[WBEL-users] Install on headless server?
Kirby C. Bohling
kbohling at birddog.com
Tue Jul 26 11:52:39 CDT 2005
On Tue, Jul 26, 2005 at 02:45:31PM +0100, David Wynter at roamware wrote:
> New to WBEL4 and also installing on rack servers without a video card. I
> have a few questions someone may be able to help me with.
> 1. Can I do an install from a USB connected CD ROM drive? The Asus K8N DL
> supports a boot from a USB device (I think). If not other options are across
> a network, support for that?
> 2. Can I do an install that will use a serial port 8n1 console?
> 3. Does WBEL4 support the fairly new NVidia nForce4 Pro chipset and RAID1 as
> supported by this chipset?
I do unattented installs all the time. Kickstart is what you
are looking for. I have no idea if you can install from the USB
CD-ROM. It will depend on if the BIOS on the Motherboard will make
that available for booting. It's my understanding you can boot from
a USB memory stick with some BIOS's (never seen it done, but I've
talked with people who claim to have done it).
If you can make the machines netboot, you can install that way.
I've done that (but not with WBEL4). You can install via a serial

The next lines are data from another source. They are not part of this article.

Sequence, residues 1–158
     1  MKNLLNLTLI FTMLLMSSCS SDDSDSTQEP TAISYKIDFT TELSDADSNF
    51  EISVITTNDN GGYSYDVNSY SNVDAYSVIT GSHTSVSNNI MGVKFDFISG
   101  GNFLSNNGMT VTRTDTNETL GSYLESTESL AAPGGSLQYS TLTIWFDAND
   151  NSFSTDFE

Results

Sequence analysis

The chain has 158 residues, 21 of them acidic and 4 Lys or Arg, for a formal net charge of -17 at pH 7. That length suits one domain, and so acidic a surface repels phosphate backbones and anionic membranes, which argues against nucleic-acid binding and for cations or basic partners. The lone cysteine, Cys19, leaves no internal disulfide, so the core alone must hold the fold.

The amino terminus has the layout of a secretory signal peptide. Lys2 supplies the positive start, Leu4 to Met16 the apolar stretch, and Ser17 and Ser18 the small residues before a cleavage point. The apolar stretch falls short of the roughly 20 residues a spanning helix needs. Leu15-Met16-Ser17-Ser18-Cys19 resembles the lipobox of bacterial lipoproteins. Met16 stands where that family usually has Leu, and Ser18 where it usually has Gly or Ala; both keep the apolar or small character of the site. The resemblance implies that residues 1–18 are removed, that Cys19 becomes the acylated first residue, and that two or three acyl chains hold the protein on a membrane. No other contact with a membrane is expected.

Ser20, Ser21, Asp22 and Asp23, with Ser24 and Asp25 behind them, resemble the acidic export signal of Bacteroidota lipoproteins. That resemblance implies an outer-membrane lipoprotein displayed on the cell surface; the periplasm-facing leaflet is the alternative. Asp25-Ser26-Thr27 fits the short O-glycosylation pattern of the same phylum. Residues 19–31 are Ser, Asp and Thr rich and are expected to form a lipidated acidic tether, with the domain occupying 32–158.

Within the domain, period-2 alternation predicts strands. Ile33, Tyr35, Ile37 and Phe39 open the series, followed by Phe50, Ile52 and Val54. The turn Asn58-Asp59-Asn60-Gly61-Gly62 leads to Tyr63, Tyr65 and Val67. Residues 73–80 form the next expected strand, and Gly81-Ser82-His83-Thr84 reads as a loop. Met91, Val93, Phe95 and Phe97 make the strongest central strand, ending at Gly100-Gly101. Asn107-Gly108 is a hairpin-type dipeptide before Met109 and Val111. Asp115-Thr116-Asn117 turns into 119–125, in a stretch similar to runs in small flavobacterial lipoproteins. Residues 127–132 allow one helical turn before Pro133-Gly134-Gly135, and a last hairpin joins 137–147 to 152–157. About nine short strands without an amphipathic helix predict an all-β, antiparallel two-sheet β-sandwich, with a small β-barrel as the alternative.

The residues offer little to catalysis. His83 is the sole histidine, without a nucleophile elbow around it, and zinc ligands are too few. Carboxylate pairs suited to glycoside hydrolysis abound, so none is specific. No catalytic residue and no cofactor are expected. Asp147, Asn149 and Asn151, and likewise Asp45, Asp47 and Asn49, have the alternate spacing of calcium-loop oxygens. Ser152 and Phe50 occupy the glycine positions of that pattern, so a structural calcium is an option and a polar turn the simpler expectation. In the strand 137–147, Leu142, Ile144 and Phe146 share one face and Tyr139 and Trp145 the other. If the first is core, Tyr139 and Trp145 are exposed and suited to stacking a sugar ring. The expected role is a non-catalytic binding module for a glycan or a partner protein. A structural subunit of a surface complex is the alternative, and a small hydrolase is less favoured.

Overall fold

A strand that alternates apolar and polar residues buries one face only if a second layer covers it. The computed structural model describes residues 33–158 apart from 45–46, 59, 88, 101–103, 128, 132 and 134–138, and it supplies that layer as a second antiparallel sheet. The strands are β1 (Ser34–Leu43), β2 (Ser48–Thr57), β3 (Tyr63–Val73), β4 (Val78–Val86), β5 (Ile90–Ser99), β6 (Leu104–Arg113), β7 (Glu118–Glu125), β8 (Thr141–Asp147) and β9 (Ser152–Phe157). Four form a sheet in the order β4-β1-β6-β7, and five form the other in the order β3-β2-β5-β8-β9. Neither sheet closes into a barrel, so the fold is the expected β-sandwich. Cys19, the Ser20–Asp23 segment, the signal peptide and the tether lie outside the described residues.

port, or via a VNC session (added circa RedHat 9, or RHEL3). Both
of those are command line parameters to anaconda. You might be able
to use a floppy boot disk to accomplish that. (You could under
WBEL3, but with WBEL4 being 2.6 based, I thought John said that it
wouldn't fit on a floppy any more).
Googling for "anaconda", "serial", and "VNC" came up with this link:
It's not terribly useful, but it does have the boot options you
can pass to Linux to get it to do VNC and serial installs. It looks
like you can do a remote X install (never heard of that until this
page). In order to get the first install working you'll probably
have to install a video card to troubleshoot until you get the boot
image and options just right. After that, it should be fairly
straightforward to do the unattended headless installs.
No idea on the NVidia chipset. Historically Nvidia supports
linux with binary only drives. It won't release enough information
to the public to develop native drivers. However, I know the
Ethernet got reverse engineered (forcedeth I believe is the drive
name). For the RAID, unless you know the chipset is doing real
hardware RAID, it's probably safer and better to use software RAID
> David Wynter
> Whitebox-users mailing list
> Whitebox-users at beau.org
More information about the Whitebox-users